Intervention Description: We evaluated a comprehensive hospital-based infant safe sleep education program on parental education and safe sleep behaviors in the home using a cross-sectional survey of new parents at hospital discharge (HD) and 4-month follow-up (F/U).
Conclusion: Reinforcing the infant sleep safety message through intensive hospital-based education improves parental compliance with sudden infant death syndrome risk reduction guidelines.
Study Design: Quasi-experimental nonequivalent control group design
Setting: Hospital, postpartum maternity units
Target Audience: Nurses + New parents
Data Source: Cross-sectional survey of parents at time of hospital discharge and at 4-month well-child visit
Sample Size: 1,092 in hospital sample 490 at 4-month follow-up
Age Range: Infant

Mason, B., Ahlers-Schmidt, C. R., & Schunn, C. (2013). Improving safe sleep environments for well newborns in the hospital setting. Clinical Pediatrics, 52(10), 969–975. Access Abstract

NPM: 7-1: Child Safety/Injury (0-9 years) 5: Safe Sleep
Intervention Components (click on component to see a list of all articles that use that intervention): PARENT/FAMILY, Notification/Information Materials (Online Resources, Information Guide), PROVIDER/PRACTICE, Nurse/Nurse Practitioner, Provider Training/Education, Educational Material (Provider)
Intervention Description: The purpose of this study was to improve sleep position and environment in the hospital.
Conclusion: Using a multifaceted approach significantly improved infant safe sleep practice in the hospital setting.
Study Design: Pre-post intervention
Setting: Wesley Medical Center postpartum units
Target Audience: Nursing staff and mothers of infants
Data Source: Observation of sleep environment in hospital; follow-up parent survey
Sample Size: Baseline in hospital n=144 Post-intervention in hospital n=249 Parent survey n=101
Age Range: Infant

Oden RP, Joyner BL, Ajao TI, Moon RY. Factors influencing African American mothers' decisions about sleep position: a qualitative study. J Natl Med Assoc. 2010;102(10):870. Access Abstract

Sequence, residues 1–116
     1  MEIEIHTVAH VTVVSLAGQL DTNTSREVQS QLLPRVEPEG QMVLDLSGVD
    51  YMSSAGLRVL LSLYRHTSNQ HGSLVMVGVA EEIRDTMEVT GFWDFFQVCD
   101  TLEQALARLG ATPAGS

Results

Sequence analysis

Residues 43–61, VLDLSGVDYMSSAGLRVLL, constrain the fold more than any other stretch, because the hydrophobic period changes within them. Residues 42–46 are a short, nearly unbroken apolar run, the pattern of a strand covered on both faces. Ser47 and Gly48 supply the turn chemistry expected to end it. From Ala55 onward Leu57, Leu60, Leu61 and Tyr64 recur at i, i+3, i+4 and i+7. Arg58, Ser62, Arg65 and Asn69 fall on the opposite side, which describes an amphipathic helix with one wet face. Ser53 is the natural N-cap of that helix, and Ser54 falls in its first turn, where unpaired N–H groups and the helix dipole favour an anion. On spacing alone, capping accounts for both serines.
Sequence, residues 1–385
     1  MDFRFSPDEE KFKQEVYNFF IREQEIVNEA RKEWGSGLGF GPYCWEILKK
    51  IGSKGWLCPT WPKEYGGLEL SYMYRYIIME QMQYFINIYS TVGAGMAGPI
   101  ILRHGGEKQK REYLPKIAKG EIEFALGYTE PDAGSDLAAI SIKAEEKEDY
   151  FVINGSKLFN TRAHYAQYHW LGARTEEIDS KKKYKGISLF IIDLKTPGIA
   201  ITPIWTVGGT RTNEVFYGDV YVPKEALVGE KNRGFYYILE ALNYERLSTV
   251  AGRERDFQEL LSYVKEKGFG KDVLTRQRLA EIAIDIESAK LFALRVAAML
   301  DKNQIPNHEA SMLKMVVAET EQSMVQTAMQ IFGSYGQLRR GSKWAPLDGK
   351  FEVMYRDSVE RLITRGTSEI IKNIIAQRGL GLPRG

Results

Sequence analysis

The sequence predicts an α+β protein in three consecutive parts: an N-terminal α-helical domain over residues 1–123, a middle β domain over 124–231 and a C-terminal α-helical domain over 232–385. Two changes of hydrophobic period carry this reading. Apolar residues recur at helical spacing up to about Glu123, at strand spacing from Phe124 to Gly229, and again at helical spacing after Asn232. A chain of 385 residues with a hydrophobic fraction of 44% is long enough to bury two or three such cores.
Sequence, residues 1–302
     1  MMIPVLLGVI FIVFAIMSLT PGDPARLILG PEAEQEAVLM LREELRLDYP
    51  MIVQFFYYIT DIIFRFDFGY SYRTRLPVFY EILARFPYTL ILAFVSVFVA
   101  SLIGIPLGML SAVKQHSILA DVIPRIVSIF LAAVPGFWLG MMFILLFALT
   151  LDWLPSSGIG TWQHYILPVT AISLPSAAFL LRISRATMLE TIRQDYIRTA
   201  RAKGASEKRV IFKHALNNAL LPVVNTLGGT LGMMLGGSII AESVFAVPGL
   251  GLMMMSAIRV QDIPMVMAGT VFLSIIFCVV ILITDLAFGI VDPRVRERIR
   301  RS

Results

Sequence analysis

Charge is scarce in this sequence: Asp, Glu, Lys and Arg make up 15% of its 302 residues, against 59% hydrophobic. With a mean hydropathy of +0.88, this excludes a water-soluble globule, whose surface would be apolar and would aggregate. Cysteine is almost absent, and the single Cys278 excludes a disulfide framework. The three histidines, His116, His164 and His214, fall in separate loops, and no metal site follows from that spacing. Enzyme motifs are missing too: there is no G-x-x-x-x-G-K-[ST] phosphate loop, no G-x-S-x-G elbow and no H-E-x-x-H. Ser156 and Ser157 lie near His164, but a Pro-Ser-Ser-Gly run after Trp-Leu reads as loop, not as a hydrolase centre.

NPM: 5: Safe Sleep
Intervention Components (click on component to see a list of all articles that use that intervention): Group Education, Sleep Environment Modification, Training (Parent/Family)
Intervention Description: Eighty-three mothers participated in focus groups or individual interviews. Questions probed reasons for infant sleep position decisions and influences on decision making.
Primary Outcomes: N/A
Conclusion: African American mothers are generally aware of the Back to Sleep recommendation. However, many may not believe that the supine position is the safest position. Other mothers may use the prone position because of infant comfort or parent's need for longer sleep. Trust in the pediatrician may not be sufficient reason for parents to use the supine position.
Study Design: N/A
Significant Findings: N/A
Setting: Washington, DC, and Maryland
Data Source: Mother interview
Sample Size: 83 mothers
Age Range: parents with infants 0 to 6 months of age

Hauck, F. R., Tanabe, K. O., McMurry, T., & Moon, R. Y. (2015). Evaluation of bedtime basics for babies: a national crib distribution program to reduce the risk of sleep-related sudden infant deaths. Journal of community health, 40(3), 457-463. Access Abstract

NPM: 5: Safe Sleep
Intervention Components (click on component to see a list of all articles that use that intervention): CAREGIVER, Provision of Safe Sleep Item, Education/Training (caregiver), Educational Material (caregiver), PARENT/FAMILY, Training (Parent/Family), NATIONAL, Campaign, Mass Media
Intervention Description: The objective of this study was to describe parental knowledge and practices regarding infant sleep position, bedsharing, pacifier use, and feeding practices before and after receipt of a free crib and safe sleep education.
Conclusion: Crib distribution and safe sleep education positively influence knowledge and practices about safe sleep.

   

This project is supported by the Health Resources and Services Administration (HRSA) of the U.S. Department of Health and Human Services (HHS) under grant number U02MC31613, MCH Advanced Education Policy, $3.5 M. This information or content and conclusions are those of the author and should not be construed as the official position or policy of, nor should any endorsements be inferred by HRSA, HHS or the U.S. Government.